For that matter, nobody is black and nobody is white, as the idea of race is outdated and incorrect.
That's what a South Dakota Humanities Council scholar said during a presentation at The University of South Dakota April 8.
Lawrence Diggs, a resident of Roslyn, spoke at the university as part of Diversity Week.
"There is a consensus among scientists that there is no such thing as race," he said. "Biologists say simply that human beings have not been around long enough to create sub-species. It's just impossible. We just haven't been here long enough."
Diggs said there are two main views that scientific research suggests.
"There's been a lot more intermixing than people give themselves credit for," he said. "Or, we all came from the same people and that genetics is all in a fog. The evidence always comes back that there are no groups out
there that we can define as races.
"There is one humanity," he said. "We're not talking about being … politically correct, we're talking about scientific data."
Part of the reason people still hold on to the idea of race is because it makes it easier for them define each other, Diggs said.
"We make the false assumption that if a person looks like you, he must be like you, and often we find that that is not really the case," he said. "In our culture, we're trying to be sensitive, but we don't know how to deal with people one-on-one."
Diggs said this stems from people wanting to feel like they belong to a group. He said that to make such generalizations causes people to lose their identity for the sake of a "we-dentity."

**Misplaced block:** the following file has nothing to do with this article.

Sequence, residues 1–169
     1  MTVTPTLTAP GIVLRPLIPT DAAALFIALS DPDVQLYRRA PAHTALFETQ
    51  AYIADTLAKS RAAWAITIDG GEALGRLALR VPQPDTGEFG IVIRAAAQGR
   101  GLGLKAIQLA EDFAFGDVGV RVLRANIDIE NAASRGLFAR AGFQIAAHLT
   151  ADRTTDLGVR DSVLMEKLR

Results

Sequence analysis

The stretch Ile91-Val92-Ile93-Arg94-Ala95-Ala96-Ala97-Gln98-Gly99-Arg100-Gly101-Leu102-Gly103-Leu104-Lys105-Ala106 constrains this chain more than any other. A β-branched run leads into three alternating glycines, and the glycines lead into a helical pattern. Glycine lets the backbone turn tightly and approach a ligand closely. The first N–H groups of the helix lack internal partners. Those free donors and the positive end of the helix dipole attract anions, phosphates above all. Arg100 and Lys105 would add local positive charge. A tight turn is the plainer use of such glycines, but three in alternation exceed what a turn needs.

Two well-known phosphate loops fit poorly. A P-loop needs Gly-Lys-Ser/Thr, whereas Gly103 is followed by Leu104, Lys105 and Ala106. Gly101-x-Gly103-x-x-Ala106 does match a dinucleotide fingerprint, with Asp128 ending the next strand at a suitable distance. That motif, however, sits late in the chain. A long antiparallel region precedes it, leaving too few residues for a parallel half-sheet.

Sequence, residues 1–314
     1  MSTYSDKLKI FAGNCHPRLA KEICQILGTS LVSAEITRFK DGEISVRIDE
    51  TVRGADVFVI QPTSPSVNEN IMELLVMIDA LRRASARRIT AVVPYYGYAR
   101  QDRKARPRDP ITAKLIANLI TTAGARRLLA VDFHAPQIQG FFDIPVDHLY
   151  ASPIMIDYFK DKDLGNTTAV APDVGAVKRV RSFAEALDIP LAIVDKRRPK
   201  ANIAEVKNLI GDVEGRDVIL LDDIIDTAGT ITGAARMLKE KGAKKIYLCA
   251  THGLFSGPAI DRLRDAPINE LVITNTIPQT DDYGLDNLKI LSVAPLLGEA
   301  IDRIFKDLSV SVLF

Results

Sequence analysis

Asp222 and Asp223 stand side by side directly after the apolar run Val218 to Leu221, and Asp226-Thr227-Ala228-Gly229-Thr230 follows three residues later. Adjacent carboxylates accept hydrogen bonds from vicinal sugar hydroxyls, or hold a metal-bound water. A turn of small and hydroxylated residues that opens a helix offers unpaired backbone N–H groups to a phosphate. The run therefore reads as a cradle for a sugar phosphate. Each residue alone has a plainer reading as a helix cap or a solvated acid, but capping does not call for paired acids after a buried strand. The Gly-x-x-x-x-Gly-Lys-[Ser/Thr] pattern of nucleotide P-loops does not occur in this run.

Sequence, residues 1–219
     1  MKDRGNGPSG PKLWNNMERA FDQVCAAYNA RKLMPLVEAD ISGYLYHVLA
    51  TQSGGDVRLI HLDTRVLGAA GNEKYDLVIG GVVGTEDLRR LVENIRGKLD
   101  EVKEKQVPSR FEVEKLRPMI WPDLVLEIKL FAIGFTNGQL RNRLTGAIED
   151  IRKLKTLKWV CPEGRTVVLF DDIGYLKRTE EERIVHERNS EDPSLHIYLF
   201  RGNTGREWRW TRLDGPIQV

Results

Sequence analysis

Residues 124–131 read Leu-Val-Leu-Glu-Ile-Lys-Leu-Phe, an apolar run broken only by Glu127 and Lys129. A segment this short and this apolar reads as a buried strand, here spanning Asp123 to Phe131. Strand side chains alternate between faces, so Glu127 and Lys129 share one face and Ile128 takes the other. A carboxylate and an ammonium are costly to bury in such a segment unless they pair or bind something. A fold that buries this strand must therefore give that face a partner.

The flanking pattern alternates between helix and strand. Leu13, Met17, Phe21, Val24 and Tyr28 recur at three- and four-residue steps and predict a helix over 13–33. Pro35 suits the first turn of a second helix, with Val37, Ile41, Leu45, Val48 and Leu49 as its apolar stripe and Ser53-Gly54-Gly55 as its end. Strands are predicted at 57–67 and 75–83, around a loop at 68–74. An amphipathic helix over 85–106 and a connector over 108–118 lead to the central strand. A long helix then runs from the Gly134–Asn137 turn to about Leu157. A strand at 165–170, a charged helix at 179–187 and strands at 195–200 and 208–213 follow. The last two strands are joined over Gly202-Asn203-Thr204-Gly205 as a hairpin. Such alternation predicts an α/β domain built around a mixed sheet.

"They never take a survey, but it feels better if I say we, because then it gives me some validity," he said. "And if I feel like I'm in a group and we all do that – even if it's completely crazy – we all do it, so it's OK."
This also extends to the ideas of pride of racial heritage and "black" and "white" culture, Diggs said, adding that they must "absolutely" be done away with.
"It's just hanging on to something vague to give myself a sense of identity," he said.
Terms like African-American and Asian-American could still be used, but only when referring to immigrants who have not yet become naturalized citizens.
"As far as America is concerned, we should skip the hyphenations," Diggs said. "You're either an American, or you ain't."
He said the issue of race as an invalid concept should be discussed.
"We cannot hope to improve ourselves, let alone the situation in our society, without being willing and actually engaging with this issue," he said.